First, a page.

Economy Pool Blog
Choosing the right heater unit for your pool is an important decision; making the correct choice could save you thousands of dollars over the long term life of your pool. The two main factors to consider are the type and size of pool heater you need. Deciding what type of heater you prefer should be your first choice, as the different units require different sizing criteria.
There are three main types of pool heaters, and each has its pros and cons.
Gas Pool Heaters
This is the cheapest up-front option, with most being tied directly into natural gas through the utility company. In areas where natural gas isn’t an option, propane and oil models are available. The best feature of gas pool heaters is they can maintain even water temperature even in extreme weather fluctuations. The downside is they will use quite a lot of fuel to do so, but newer models that use pilotless ignition are up to 90 percent more efficient.
Gas heaters work by passing pool water directly through a burning hot tube and returning it to the pool. Depending on the size and temperature of your pool, homeowners can expect to pay between $300 and $600 a month to heat a pool using natural gas, and slightly more for propane. The newer, more efficient models cost between $1,500 and $3,000 to install.
Pool Heat Pumps
Pool Heaters operate through a system of coils and utilize condensation and evaporation within the unit to remove warmth from the surrounding air to heat pool water. While they do require electricity, they don’t produce emissions and are cheaper to run annually than their gas counterparts, averaging at most about $1,400 a year in more tropical climates. They also have a much longer lifespan.
The downside, however, is that you’ll pay quite a lot more up front. Heat pumps start around $2,000 and can go as high as $5,000 for more efficient models. Further, they don’t do as well in colder climates where the temperature drops below 50 degrees.
Solar Pool Heaters
Solar heaters, while more expensive to install, are gaining popularity due to their long term energy efficiency. They work by sending pool water through a series of metal pipes attached to solar panels. If sensors indicate warmth is needed, the valve sends water through the system. If the water is warm enough, the system is bypassed. Solar systems can be attached to conventional gas heaters if additional heat is needed.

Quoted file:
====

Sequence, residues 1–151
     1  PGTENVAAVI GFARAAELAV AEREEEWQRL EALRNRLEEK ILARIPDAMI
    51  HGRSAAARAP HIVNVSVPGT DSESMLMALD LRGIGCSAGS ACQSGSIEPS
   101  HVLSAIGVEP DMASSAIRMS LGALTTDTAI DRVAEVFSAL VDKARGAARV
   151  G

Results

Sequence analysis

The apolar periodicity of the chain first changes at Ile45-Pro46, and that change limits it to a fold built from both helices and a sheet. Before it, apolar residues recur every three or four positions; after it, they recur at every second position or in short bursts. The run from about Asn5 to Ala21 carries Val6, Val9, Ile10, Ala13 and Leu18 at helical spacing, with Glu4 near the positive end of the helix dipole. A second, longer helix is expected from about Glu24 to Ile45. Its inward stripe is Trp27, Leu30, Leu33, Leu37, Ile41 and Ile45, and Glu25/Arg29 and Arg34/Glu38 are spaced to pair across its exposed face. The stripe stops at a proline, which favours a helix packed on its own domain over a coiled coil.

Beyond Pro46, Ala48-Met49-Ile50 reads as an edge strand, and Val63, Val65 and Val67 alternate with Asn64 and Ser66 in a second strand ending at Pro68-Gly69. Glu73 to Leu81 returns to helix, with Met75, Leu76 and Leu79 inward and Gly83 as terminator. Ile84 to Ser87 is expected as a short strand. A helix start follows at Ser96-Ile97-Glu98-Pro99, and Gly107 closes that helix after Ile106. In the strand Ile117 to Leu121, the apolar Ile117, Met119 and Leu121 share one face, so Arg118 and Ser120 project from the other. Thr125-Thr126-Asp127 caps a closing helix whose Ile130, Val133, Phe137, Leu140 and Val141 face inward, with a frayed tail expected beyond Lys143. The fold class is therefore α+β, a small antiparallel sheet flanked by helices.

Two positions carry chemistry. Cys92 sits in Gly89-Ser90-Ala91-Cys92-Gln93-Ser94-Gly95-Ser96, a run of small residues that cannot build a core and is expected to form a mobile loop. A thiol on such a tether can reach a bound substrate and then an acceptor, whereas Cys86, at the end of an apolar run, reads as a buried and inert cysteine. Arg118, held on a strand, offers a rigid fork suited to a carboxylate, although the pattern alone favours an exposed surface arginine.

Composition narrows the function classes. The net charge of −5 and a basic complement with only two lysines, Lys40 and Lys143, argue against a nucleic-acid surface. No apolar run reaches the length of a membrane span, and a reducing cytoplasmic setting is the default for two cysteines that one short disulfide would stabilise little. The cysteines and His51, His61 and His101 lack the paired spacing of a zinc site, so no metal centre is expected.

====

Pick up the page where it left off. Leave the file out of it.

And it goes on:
A solar pool heater will cost about $4,000 to install, but is essentially free to operate after. Your yard will require direct sunlight year round, or you’ll be required to have a back-up unit. The major downside to a solar pool heater is that it heats the water very slowly, making them a better choice for climates that stay warmer most of the year.
Pool Heater Sizing
There are quite a few factors to consider when sizing your pool heater. Besides the surface area and size of your pool, average air temperature, humidity, winds and your desired water temperature all play a part. Gas and pump heaters are measured in BTUs (British Thermal Units). When choosing your heater, once you’ve factored in all your components, it’s best to size up slightly from what you think you’ll need.
The generally accepted formula for figuring out the BTUs needed per hour is to calculate the surface of the pool area x the temperature rise (your desired pool temperature minus the coldest average temperature and multiply this number by 12.
Solar heaters are sized in direct relation to the surface area of the pool. Your solar collector needs to be 70 to 100 percent of your surface area, depending on the sun exposure your climate receives.
The easiest way to determine what the best option and size of pool heater is for your pool is to contact the installation professionals at Economy Pool of Florida and let them walk you through the process. They will discuss the pros and cons of each model for your setup, and help you appropriately size whatever you choose to keep your pool the right temperature all year long.